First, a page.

The mental image of a bank manager in rain boots striding across a windswept field or sitting down and talking about cattle, dairy or sheep production is not easy to conjure up.
But that’s the colorful reality for NatWest’s team of specialist agricultural relations officers.
They have to look after a large and diverse farming community across the UK, with around 2,000 customers in the South West and Wales alone.
“It’s not everyone’s cup of tea in the banking world, but you have to have a passion for it,” says Jo Wingfield, agriculture relations manager for the region.
It covers the portfolio from the perspective of the commercial bank.
“We are all incredibly passionate about our sector and helping our farmers, many of whom face difficult times and constant challenges. And we’re right there on the patch for them, which is absolutely vital,” she said.
NatWest specializes in working with farmers and supporting them.
All account managers have agricultural qualifications and training on topics such as climate change, a critical issue for the sector.
Andrew Woodthorpe is director of corporate banking and co-director of agriculture for the South West and Wales. He said: “Individually and collectively, we have developed a huge amount of knowledge over the years.
“We have strength and depth in the industry and a lot of face-to-face relationships and that’s absolutely essential.”
The South West is a large area for the bank and includes Dorset, Devon, Cornwall, Wiltshire, Gloucestershire, Wales, Shropshire, Oxford and parts of Hampshire.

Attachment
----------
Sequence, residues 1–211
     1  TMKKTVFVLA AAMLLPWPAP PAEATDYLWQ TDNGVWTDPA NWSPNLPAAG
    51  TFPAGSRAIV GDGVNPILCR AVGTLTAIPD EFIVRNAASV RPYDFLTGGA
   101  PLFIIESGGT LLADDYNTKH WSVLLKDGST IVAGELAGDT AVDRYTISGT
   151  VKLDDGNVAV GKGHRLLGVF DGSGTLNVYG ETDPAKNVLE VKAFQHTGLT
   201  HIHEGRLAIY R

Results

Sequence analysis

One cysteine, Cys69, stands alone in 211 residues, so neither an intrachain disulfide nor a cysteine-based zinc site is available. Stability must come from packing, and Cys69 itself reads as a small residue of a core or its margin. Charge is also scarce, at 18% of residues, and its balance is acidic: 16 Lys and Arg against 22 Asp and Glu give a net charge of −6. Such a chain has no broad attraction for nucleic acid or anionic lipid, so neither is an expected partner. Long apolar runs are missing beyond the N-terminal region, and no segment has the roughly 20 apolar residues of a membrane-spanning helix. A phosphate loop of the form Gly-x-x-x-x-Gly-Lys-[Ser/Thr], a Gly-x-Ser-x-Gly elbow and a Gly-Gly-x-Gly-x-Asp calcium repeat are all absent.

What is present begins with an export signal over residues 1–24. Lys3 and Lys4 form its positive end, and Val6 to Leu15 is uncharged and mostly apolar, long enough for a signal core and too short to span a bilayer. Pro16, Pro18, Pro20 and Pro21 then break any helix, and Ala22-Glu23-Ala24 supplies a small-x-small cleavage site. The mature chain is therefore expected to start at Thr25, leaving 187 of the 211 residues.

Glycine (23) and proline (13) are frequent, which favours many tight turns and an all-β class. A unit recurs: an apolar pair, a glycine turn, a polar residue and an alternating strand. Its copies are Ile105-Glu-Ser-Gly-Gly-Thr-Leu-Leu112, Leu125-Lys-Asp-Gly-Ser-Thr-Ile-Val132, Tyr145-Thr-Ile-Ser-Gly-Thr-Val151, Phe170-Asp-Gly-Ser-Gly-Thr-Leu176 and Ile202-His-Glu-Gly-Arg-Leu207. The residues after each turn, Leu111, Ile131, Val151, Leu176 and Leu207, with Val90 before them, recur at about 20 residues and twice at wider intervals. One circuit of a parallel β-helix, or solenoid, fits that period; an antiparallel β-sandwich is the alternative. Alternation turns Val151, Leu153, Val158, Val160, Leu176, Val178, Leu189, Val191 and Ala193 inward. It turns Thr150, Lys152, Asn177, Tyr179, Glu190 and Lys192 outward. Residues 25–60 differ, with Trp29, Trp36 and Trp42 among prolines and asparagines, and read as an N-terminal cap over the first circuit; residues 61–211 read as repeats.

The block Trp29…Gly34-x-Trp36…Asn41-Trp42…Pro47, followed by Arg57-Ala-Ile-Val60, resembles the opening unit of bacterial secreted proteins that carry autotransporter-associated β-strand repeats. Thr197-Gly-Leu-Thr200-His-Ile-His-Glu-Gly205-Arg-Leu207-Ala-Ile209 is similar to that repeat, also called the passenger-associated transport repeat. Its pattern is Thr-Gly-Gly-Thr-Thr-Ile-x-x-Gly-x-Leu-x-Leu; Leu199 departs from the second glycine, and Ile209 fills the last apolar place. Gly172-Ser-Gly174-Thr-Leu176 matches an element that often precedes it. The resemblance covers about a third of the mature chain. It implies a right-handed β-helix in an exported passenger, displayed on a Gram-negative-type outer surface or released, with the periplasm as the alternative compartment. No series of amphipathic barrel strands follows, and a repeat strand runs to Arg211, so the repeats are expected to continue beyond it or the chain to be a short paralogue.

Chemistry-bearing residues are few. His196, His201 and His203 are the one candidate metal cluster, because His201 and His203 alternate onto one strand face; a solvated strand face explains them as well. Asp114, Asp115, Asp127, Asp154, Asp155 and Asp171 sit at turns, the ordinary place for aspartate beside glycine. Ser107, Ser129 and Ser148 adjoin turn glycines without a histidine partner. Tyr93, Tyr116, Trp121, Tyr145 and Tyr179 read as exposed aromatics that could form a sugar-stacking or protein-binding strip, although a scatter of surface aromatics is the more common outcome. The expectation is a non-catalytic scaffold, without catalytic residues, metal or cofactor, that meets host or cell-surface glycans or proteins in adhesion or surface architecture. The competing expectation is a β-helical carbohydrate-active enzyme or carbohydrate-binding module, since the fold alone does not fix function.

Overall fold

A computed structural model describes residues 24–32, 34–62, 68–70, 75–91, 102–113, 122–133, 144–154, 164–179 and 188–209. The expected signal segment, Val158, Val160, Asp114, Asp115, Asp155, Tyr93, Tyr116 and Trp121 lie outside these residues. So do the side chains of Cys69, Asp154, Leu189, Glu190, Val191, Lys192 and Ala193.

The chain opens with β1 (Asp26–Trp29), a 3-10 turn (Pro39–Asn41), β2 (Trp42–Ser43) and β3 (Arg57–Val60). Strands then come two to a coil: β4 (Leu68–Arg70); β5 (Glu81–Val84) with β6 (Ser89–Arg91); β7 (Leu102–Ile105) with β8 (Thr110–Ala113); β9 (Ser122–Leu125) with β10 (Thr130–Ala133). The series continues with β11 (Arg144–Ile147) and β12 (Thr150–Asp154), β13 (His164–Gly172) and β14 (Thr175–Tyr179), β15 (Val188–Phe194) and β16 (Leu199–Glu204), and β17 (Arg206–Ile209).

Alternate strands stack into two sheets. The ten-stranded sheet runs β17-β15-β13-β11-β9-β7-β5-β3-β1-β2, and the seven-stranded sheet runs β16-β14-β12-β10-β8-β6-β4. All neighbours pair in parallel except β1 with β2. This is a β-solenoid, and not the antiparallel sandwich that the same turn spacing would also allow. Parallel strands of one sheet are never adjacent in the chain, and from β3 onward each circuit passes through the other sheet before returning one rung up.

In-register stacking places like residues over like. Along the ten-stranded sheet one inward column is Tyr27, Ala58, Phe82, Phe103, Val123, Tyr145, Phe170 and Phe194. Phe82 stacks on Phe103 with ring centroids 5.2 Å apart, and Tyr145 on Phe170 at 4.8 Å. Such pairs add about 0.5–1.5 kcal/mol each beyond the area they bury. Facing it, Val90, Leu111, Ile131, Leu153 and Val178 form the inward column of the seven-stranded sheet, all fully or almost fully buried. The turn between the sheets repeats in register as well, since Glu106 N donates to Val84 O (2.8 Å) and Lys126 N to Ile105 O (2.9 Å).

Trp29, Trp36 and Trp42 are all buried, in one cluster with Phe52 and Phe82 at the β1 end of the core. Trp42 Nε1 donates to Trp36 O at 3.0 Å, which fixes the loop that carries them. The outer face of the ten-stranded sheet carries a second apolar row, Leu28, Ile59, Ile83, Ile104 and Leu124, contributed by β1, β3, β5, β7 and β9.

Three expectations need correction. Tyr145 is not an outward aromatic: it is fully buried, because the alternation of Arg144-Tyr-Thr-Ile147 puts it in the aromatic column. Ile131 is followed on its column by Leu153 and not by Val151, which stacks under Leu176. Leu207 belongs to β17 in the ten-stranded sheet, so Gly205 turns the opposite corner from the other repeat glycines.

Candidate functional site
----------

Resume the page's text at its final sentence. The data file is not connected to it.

There are about 30 specialist agricultural relationship managers across the patch out of a total of about 120 nationally.
Andrew said: “You can see from these numbers how important agriculture is to our region in terms of livelihoods and food production.
“There is also a great diversity, ranging from dairy products to beef and lamb production, vegetable growing, arable crops. If it’s grown, you can guarantee we have it.
Agriculture has never been the easiest sector, as it depends on many variables such as weather and price volatility in the market.
This year, they have had to deal with soaring energy and diesel prices, as well as the price and availability of fertilizers, for example.
Jo said, “We have really encouraged our farmers to diversify over the past few years. Whether it’s an agricultural store, getting into renewable energy, renting accommodation or even installing vending machines in their communities.
“If you’ll pardon the pun, it’s more important than ever not to put all your eggs in one basket.”
She said part of the job is making dreams come true.
“The other day I helped one of our sharecroppers buy his farm and it was a fantastic feeling. After renting for 30 years, we were able to lend him the money to buy it,” she said.
But sometimes there are tougher conversations to have, such as reducing a farm’s carbon footprint, being more accountable to its customers, and making sure they’re compliant with the law. There are a lot of environmental regulations and it’s always a pure cost.
Jo added: “This is not an industry where you can deal with customers through a call centre. You need people on the ground and farmers really appreciate that support.
“Farming is pressured and stressful, there is constant juggling and it can be a lonely profession. Farmers may not see anyone from week to week unless they go to market, and they don’t always know what’s going on in the rest of the world. Being there for them is vital. »
NatWest was the first to launch its agricultural support packages in 2022 and has had in-depth conversations for many months about the outlook, forecast and planning for 2023 and beyond.
Jo and Andrew always urge farmers to have early conversations and not let problems pile up.
Andrew said: “There are big problems ahead. We are there for our farmers. The agricultural sector has improved to weather the storms and adapt, but there is a lot of uncertainty right now.
“We want to have those early conversations. We don’t have all the answers, but we’re here to help.”